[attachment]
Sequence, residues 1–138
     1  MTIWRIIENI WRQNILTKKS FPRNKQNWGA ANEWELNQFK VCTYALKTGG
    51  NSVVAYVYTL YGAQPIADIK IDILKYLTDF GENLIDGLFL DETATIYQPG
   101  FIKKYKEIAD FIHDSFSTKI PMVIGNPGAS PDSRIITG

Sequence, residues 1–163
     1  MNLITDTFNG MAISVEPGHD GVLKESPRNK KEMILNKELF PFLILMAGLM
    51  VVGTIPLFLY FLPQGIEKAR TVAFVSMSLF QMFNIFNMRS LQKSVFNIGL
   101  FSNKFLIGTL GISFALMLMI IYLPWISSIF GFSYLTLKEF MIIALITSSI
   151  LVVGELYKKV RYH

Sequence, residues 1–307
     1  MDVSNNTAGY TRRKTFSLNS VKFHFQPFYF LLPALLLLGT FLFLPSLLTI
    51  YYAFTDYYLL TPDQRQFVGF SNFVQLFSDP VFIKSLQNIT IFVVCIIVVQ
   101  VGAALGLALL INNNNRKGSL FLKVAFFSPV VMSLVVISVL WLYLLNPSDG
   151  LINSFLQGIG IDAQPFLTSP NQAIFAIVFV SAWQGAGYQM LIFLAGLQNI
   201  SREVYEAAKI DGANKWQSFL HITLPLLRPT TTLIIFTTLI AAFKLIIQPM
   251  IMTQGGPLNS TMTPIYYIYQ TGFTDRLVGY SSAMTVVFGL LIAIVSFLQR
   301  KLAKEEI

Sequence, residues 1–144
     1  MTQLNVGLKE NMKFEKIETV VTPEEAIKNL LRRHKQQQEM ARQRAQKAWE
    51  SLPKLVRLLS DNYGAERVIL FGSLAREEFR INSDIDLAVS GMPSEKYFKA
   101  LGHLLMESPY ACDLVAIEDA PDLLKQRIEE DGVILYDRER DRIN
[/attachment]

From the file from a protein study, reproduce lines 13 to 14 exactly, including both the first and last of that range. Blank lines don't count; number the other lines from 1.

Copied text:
   101  VGAALGLALL INNNNRKGSL FLKVAFFSPV VMSLVVISVL WLYLLNPSDG
   151  LINSFLQGIG IDAQPFLTSP NQAIFAIVFV SAWQGAGYQM LIFLAGLQNI